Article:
Moving forward is such a good idea. I like both parts: “moving” and “forward”. Here, just now, I am focusing on the cognitive and physical acts of “moving” and “forward”.
I agree with what Miranda Esmonde-White says about aging and taking care of your body. I catch her on PBS once in a while. She stresses the importance of movement and gently challenging your flexibility, balance and strength. I find that when I move my body, my mental health improves, too.
My mental health has been impacted by grieving, in addition to the annual winter blues (SAD), and an awareness of the toll age has taken on my mental agility. I am increasingly aware of certain maladaptive patterns I have in response to things that hurt or frustrate me. I mean sulking and a tendency toward self-pity. And then there’s denial. I now find that, when faced with life’s worst insults (the loss of loved ones), these flimsy coping strategies don’t serve me well. I must be thoughtful, intentional, or better put, strategic, about “moving forward” with my mental health in order to salvage my functionality!
My physical health has taken a hit, mainly in the area of overall fitness. Whatever healthy habits I developed were disrupted by last-minute trains to
Boston when David was in one crisis or
another. Eating in hospital cafeterias,
sleeping in family waiting areas, long periods of just sitting, pacing,
worrying. Hours spent ruminating on “what
if” scenarios, making Plans A, B, and C, and then starting all over again as circumstances
changed. Oh my….suddenly a simple act
like going for a walk borders on impossible, and unfortunately,
One thing I have found in my grieving process is that I am very angry, principally with cancer. Cancer has taken my father, my brother, my stepfather. My great-grandmother lost both her baby and her life to ovarian cancer when she was in her 30’s, leaving behind a husband with 5 children, 3 of whom survived colon cancer.
It has finally dawned on me that grieving and healing will involve dealing with my anger. So I'm channeling my anger to do what I can to defeat cancer. My brother David was blessed immensely by his care at Dana Farber Cancer Institute in
They have a huge fundraiser to support cancer research, the largest of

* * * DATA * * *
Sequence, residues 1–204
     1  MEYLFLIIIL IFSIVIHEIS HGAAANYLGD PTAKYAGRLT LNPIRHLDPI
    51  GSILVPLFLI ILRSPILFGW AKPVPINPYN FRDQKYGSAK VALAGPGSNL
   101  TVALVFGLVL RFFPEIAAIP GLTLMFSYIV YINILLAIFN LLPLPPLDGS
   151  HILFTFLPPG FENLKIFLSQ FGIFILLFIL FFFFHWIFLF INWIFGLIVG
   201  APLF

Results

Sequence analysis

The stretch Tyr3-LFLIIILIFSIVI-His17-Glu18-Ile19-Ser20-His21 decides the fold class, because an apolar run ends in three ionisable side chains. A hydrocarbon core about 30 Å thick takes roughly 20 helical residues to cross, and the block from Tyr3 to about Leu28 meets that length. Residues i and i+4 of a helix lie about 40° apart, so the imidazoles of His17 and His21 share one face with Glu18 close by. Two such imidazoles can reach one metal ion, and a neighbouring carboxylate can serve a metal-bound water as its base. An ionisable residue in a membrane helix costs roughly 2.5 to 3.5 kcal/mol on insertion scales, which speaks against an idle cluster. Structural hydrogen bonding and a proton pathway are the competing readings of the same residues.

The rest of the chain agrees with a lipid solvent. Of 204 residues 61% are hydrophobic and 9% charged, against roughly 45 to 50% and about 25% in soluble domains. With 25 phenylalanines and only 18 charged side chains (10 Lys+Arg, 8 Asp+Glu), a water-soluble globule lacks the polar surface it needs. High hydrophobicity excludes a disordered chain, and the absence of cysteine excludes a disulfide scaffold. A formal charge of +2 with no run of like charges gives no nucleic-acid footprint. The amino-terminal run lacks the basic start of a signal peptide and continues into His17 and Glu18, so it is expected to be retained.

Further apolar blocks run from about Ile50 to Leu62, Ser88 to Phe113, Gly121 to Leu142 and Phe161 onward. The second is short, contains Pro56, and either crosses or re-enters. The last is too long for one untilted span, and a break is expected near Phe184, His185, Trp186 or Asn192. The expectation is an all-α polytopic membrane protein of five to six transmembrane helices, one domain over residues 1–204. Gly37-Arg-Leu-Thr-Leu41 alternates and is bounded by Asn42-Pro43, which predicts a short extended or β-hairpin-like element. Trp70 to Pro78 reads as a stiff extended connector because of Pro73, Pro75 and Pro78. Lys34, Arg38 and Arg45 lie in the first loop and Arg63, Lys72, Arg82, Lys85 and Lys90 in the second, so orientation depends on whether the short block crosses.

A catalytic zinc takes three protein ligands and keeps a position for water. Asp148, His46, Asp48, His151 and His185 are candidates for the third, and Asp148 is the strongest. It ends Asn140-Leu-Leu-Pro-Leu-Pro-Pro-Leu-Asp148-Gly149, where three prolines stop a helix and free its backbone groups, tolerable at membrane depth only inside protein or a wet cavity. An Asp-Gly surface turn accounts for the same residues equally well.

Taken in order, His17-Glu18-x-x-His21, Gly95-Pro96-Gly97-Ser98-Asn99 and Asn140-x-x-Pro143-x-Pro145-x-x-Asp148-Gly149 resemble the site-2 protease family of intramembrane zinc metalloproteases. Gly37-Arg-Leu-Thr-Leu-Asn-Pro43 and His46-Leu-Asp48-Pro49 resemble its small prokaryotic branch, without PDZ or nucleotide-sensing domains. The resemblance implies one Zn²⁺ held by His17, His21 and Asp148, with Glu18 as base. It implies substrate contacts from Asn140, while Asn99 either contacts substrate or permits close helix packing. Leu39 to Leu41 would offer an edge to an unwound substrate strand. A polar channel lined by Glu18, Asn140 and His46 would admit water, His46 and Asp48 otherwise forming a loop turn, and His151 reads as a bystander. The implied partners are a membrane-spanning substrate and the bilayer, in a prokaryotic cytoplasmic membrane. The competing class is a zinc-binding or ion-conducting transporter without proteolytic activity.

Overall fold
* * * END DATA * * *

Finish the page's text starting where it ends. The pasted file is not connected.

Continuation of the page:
its kind. Every year, they hold a
bicycle ride across Massachusetts: the PanMass Challenge. Riders can
participate in distances that suit them, from “virtual” riding (which is
fundraising without actually riding a bicycle, all the way to pedaling the
whole distance from Sturbridge to Provincetown
in 2 days (192 miles). I’m pretty angry,
so, throwing caution to the wind, I have registered for the full distance. (Crazy?
Yup. Mad in both senses: angry
The PanMass Challenge is first and foremost a fundraiser. The money needed to keep cancer research funded is staggering. David participated in a clinical trial for the medicine nivolumab, and later, for pembrolizimab. The associated cost was overwhelming, but he didn’t have to pay because he was essentially donating his body as part of the experiment. I can’t even imagine what the additional costs were in hospital stays, neurosurgeries (to remove spinal tumors), testing, testing, more testing, rehab facility, etc, etc, etc.
When a rider registers for the PMC, she commits to raising thousands of dollars to cancer research. I have a long way to go, both in physical preparation and in campaigning for funds.
If you are still reading this, I am appealing to you to consider making a donation for this worthy cause. Surely, your life has been impacted by this horrid disease. Maybe you can donate in memory of someone you love and have lost, or in honor of someone who has waged war and won, or someone in the struggle.
I am riding in memory of David, Dad, and Jim, and 2 people I’ve never met:
1) Tim Moore, who is the brother my friend Mary lost to melanoma 5 years ago; and
2) (in honor of, not in memory of ) President Jimmy Carter, who received pembrolizimab at the same time as David did, and for the same reason (4 melanoma brain tumors).
But my anger and determination, my ride is big enough to carry your will to beat this enemy too. By the time I reach
my driving force will be Hope. And in
such an epic battle, Hope is everything.
To donate online, follow this link: Donate here to my rider page. You can donate anonymously or publicly; your amount can be confidential if you wish. Either way, your donation becomes a tangible tribute. If you make a donation or not, make a comment in memory of, or in honor of someone you love who has or has had cancer. Many thanks.